It has long been a pillar of Virginia education policy to increase the high school graduation rate. To advance that goal, several school districts have cracked down on students skipping school. The Richmond Public School system, for instance, has long employed a team of “school attendance officers” to round up truants and get them back into the classroom.
Then last year, in a move that generated little publicity, the General Assembly gutted a 20-year-old anti-truancy law. That bill, according to the Richmond Free-Press, did four things: It (1) doubled from five to 10 the number of days that a student could miss, (2) allowed schools to wait another 10 days before meeting with parents, (3) eliminated most of the authority of school attendance officers to be involved, and (4) allowed school districts to use volunteers instead of paid staff to work on attendance issues.
Now, with support from the Richmond school board, Superintendent Jason Kamras proposes to save $500,000 by eliminating 21 positions slotted for attendance officers and replacing them with seven “attendance liaisons.”
The Richmond Free-Press quoted Bacon’s Rebellion’s friend and comrade-in-arms John Butcher, author of Cranky’s Blog and the first person outside the educational establishment to notice the change:
Update: In an important comment, Dick Hall-Sizemore takes exception to the way the Richmond Free-Press characterized changes to the anti-truancy law, and suggests that the tweaks might have stemmed from issues specific to Fairfax County, and anything happening in Richmond was unintended consequence.
“Students who are not in school can’t be taught,” Mr. Butcher wrote in a trenchant commentary on the change. “Students who are truant frequently drop out. Students who have dropped out cannot lower the pass rates on state Standards of Learning tests.”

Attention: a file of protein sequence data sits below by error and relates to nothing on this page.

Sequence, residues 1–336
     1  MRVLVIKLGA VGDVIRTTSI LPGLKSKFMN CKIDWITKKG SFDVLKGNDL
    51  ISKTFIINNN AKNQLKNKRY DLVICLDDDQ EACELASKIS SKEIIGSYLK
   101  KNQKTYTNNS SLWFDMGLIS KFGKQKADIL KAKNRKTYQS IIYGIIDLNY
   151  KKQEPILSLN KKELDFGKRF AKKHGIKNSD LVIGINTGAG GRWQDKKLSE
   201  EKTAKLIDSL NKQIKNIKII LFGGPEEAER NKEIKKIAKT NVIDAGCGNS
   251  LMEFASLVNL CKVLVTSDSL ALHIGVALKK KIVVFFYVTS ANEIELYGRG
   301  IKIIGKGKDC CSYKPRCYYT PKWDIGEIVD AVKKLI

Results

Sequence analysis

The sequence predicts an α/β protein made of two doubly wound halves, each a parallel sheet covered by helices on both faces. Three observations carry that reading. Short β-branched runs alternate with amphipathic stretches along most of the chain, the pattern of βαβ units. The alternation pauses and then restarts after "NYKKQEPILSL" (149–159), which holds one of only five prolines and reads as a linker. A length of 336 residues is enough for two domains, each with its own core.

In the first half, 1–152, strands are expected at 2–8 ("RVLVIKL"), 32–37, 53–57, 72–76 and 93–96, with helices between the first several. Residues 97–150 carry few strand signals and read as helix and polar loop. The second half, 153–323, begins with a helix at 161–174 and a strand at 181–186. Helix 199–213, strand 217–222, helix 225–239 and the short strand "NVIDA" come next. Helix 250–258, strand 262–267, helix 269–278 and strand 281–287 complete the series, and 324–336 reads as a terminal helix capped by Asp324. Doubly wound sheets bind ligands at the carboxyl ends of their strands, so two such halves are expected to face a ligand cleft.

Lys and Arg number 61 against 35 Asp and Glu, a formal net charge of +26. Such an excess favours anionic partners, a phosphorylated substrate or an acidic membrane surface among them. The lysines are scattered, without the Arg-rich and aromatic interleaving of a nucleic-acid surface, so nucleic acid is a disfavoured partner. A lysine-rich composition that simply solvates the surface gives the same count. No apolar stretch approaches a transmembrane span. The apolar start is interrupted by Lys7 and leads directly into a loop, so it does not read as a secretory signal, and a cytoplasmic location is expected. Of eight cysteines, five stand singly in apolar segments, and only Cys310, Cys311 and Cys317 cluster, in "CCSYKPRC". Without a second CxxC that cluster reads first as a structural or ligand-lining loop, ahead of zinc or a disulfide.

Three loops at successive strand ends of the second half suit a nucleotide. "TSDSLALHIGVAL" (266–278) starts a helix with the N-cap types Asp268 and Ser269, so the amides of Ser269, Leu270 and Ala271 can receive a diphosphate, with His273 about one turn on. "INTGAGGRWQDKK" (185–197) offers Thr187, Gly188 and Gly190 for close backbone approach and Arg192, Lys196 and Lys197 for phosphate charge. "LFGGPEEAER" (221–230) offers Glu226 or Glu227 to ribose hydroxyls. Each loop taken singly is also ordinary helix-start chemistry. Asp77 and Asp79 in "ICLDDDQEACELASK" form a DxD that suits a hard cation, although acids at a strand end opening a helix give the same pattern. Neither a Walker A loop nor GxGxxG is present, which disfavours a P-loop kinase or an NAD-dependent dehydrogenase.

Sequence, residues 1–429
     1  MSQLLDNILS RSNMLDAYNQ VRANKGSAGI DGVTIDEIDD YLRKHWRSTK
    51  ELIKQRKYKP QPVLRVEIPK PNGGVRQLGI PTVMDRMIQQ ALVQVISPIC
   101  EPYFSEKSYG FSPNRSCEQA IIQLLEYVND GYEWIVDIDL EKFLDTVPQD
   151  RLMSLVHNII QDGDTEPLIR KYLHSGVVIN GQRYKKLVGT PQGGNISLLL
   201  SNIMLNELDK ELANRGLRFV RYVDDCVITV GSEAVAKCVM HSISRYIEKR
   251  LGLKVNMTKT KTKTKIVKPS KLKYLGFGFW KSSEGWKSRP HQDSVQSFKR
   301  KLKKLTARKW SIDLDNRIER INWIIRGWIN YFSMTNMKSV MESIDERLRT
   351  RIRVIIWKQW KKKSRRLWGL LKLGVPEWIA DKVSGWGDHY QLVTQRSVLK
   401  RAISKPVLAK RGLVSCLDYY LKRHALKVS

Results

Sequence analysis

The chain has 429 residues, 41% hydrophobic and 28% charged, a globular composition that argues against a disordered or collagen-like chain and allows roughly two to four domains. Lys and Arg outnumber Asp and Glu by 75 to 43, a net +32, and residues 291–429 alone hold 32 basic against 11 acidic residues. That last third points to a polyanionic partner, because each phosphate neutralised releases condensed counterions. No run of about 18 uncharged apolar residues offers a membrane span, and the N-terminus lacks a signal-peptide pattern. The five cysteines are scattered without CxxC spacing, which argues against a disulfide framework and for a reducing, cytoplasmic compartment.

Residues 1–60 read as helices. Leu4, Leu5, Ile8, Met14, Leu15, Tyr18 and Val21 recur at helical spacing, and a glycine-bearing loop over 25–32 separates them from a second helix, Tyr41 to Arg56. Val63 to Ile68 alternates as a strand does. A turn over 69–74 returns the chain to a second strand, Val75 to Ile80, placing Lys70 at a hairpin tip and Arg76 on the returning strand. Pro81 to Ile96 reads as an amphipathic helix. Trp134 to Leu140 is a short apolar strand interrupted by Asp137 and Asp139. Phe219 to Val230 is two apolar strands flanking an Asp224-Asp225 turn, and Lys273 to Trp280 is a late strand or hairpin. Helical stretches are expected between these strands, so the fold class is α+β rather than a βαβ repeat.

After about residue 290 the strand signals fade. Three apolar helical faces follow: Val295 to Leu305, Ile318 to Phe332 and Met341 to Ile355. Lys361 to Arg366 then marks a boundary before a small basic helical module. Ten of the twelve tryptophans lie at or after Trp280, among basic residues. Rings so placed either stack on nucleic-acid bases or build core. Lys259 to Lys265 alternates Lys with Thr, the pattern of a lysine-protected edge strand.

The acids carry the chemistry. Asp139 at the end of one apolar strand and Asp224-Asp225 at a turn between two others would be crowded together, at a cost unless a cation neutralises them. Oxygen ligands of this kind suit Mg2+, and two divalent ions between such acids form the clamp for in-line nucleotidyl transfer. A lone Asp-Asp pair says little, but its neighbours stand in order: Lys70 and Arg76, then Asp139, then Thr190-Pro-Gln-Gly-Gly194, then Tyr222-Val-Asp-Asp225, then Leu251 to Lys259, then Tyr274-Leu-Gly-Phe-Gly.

However, reports the newspaper, a backlash is building. The article quoted Butler Peterson, an 18-year RPS veteran:
“We conduct home visits in some of the most impoverished and high-crime neighborhoods in the city,” Mr. Peterson said. “We are the boots on the ground. We are a lifeline for these families. We are the heartbeat of RPS.”
He offered examples of the wraparound services and support that attendance officers provide, including ensuring that students in need have clothes to wear and that families are connected with services that the parents never knew existed or didn’t know how to contact.
Mr. Peterson recounted how an attendance team saved one bullied student from hanging herself and how others got three elementary students back to class after they were found panhandling on Midlothian Turnpike at the behest of parents who needed money to support drug habits.
One officer, he said, checks daily to ensure that youths who have cut classes are not playing on railroad tracks on South Side to keep them from getting killed.
“We see it all,” said attendance officer Breon Eppes, including teens who are defying parents and neglected young children whose parents are indifferent to education.
Bacon’s bottom line: Something is going on, although the Richmond Free Press couldn’t figure out what. As reporter Jeremy Lazarus wrote: “It remains unclear” why Del. Eileen Filler-Corn, D-Fairfax, submitted the legislation to defang the anti-truancy law, or why the Richmond school board issued not a peep of protest. After all, one out of four Richmond students miss 10 or more days of class each year. About one of three students enrolling in the 9th grade fails to graduate four years later.
What was the reason behind dialing back the anti-truancy law? Was the move motivated by a cynical desire to improve average SOL scores by allowing the weakest students drop out? Did someone determine that the program just wasn’t working as intended? Did it occur to someone that kids who didn’t want to be in school tended not to perform well, and, in fact, tended to disrupt the learning of other students? Now that Richmond is reducing its anti-truancy commitment, can we predict that average SOL scores will improve?
I don’t know the answers. But Richmonders should be thankful that bloggers like John Butcher and feisty independent newspapers like the Richmond Free Press are digging into issues that other media are ignoring.There are currently no comments highlighted.